Article Source : InWood International – Science Report – Issue 54 Page 45 – Dec 2003 (www.inwoodmag.com*)
The forest industry globally is losing critical value at source – cutting trees into logs. And, ironically, the more mechanised an operation, the worse it seems to become.
At a precision forestry symposium in Seattle in June 2003, Professor Glen Murphy from Oregon State University showed just how – poorly harvesting processor – heads can perform and that even the Swedes with their uniform spruce forests cannot always get it right. Unbelievable as it may sound on average the value loss of all mechanised log-making operations studied worldwide was a little more than 20%, although the top operators working in more uniform stands lost closer to 10%.
Despite all the efforts to extract maximum value. the so-called `value gap’ is still there, and may even be getting wider as some companies focus once again on productivity and costs.
Manual log making (i.e. people with chainsaws), is actually far more accurate than machines. But it is slower and more dangerous. There is also the added problem that humans, unlike computers, cannot cope with a lot of information – like more than 10 log grades in their head at once. Conversely mechanised log-making operations fail to fully recover value for a number of reasons: some mechanical and the rest operator based.
Mechanised stem processors have replaced people on the ground in forestry operations worldwide, significantly reducing fatality rates. However, processor heads fail to fully deliver on value because they can’t measure sweep or accurately measure length.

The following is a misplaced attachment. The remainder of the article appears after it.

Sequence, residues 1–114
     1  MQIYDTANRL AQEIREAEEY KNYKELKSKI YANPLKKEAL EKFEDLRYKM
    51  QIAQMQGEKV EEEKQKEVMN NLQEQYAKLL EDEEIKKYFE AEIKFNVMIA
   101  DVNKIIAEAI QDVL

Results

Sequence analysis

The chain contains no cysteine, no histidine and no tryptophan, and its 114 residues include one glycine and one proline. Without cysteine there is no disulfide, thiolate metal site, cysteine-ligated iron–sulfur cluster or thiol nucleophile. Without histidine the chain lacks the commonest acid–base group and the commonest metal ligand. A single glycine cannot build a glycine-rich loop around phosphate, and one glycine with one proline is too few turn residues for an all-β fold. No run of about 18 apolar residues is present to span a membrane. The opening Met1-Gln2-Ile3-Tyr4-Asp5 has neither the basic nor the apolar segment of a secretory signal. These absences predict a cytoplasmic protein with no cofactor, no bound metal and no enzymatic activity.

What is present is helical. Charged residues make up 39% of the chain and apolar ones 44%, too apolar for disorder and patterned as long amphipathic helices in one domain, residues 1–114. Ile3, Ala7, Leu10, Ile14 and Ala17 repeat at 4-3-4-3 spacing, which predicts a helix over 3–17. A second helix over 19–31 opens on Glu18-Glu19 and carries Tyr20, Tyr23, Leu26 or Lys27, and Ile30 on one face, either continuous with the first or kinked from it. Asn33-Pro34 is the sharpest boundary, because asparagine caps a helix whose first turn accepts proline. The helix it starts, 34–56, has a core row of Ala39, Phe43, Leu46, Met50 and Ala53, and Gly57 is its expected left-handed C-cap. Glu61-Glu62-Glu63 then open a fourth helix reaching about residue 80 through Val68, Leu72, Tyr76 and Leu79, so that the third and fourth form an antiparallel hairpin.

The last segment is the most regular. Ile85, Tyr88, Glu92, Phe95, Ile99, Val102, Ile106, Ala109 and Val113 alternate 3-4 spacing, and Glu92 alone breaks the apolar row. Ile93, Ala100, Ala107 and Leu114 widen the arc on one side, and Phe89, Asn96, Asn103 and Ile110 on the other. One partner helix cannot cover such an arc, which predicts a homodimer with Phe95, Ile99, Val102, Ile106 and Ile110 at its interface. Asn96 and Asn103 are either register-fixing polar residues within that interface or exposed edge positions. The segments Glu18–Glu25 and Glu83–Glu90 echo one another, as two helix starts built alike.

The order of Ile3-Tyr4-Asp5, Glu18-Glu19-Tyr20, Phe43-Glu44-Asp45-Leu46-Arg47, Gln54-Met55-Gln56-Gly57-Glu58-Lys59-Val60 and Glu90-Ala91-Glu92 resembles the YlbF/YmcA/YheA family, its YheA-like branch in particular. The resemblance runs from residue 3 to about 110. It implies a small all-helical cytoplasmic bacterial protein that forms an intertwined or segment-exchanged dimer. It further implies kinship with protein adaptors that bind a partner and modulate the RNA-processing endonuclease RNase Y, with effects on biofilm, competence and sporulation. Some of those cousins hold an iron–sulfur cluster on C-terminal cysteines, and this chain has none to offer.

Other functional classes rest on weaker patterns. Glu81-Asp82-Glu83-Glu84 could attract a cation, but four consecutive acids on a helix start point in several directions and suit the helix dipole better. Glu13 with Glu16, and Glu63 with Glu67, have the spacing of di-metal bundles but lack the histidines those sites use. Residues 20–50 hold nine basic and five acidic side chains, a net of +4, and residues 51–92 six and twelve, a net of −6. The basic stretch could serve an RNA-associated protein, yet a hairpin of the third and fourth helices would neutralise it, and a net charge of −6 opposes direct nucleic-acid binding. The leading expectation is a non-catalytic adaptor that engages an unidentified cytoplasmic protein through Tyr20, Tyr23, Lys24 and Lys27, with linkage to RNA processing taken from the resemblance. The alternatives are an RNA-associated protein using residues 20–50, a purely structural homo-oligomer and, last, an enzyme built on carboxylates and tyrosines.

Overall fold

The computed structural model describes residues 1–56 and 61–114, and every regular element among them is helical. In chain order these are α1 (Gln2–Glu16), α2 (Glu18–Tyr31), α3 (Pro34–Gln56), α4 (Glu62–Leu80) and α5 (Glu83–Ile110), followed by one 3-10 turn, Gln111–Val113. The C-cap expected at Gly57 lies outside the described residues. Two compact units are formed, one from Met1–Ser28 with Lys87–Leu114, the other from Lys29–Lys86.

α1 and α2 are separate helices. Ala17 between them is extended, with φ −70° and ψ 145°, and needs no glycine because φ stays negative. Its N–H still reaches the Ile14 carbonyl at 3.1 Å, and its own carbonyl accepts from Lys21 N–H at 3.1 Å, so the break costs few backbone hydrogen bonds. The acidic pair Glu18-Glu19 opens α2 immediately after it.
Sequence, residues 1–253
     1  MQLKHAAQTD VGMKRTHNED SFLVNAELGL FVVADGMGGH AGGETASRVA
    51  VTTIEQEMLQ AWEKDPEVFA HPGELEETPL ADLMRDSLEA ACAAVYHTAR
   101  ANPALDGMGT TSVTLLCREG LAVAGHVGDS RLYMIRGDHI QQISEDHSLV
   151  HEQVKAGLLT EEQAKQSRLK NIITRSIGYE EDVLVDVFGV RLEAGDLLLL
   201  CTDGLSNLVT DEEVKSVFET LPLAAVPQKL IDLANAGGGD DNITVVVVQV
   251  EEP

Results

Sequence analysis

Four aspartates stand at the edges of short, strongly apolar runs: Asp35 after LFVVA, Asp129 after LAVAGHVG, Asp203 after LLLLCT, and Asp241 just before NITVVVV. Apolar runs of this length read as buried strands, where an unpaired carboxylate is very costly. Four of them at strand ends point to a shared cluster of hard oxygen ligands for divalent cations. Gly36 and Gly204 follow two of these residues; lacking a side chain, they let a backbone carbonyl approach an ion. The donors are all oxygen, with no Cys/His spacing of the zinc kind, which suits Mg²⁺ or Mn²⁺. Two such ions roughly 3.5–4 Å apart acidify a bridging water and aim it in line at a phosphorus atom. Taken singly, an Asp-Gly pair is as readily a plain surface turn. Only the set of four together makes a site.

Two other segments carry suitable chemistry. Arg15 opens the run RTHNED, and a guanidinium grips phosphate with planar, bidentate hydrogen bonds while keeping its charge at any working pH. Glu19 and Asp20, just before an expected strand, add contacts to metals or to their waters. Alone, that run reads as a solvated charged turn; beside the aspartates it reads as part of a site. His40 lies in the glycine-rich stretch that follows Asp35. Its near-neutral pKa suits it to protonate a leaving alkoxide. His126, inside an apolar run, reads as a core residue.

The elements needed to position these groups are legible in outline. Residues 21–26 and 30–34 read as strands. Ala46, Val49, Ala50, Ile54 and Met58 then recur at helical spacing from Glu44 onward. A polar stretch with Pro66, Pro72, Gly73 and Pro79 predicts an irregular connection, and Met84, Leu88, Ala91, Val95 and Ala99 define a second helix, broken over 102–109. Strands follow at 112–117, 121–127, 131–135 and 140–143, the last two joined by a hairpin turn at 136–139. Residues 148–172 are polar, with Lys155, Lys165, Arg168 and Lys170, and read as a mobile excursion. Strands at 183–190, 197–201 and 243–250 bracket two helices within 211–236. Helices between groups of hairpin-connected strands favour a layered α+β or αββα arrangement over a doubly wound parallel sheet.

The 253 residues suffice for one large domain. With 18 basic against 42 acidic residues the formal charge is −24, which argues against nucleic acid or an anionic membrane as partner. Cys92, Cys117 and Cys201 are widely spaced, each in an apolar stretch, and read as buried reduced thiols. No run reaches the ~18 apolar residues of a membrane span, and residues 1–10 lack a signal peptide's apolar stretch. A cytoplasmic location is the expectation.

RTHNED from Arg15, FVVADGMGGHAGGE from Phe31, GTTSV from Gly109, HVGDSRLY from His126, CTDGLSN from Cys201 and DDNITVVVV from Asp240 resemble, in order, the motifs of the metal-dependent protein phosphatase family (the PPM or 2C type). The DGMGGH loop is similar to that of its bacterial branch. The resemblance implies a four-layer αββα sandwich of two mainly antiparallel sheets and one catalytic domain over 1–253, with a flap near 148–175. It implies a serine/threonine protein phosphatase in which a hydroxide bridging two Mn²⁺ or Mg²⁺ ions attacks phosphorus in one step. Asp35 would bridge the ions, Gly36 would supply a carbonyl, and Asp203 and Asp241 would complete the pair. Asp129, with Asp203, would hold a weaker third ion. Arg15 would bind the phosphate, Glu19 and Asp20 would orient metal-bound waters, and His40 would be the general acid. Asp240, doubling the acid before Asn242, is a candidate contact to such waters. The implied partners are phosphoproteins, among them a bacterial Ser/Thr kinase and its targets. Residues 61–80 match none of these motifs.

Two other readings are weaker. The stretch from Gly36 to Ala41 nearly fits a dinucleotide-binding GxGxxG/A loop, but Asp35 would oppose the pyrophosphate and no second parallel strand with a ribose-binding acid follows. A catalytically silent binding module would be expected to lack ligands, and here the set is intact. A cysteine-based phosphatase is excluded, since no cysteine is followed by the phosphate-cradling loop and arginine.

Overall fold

Sweep is a problem because it is impossible to determine when a stem is picked up and fed through a processor head. Length measurement is often inaccurate because of slippage of file measuring wheel, usually because branch stubs or nodal swelling cause the wheel to trim more than it should. Despite millions of dollars invested in research, the processor head manufacturers still cannot come up with anything better to measure log length than a wheel.
However, there is something new on the technology front to help close the gap: Logmaister! Not only does it brick stems into logs but it also has the potential to make you bigger bucks!
A product of the engineering skills of Logjiztix / Interpine in Rotorua, it is basically a portable merchandising deck designed to operate in log yards and the forests. The system consists of a merchandised bench and a scanning carriage that can process a 40 m stem in seconds, calculate the optimum cutting pattern, and pass this information on to a processor that cuts the stern into logs and stacks the logs into piles. While basically still a prototype, the Awdon people say they have worked out how to get around the problems that plague processing heads.
For less than NZ$1 million, harvesting operations may finally be able to close the value gap and in the forest (including harvest head).
Article Author : Bill Dyck is a Professional Science and Technology Broker, Based In New Zealand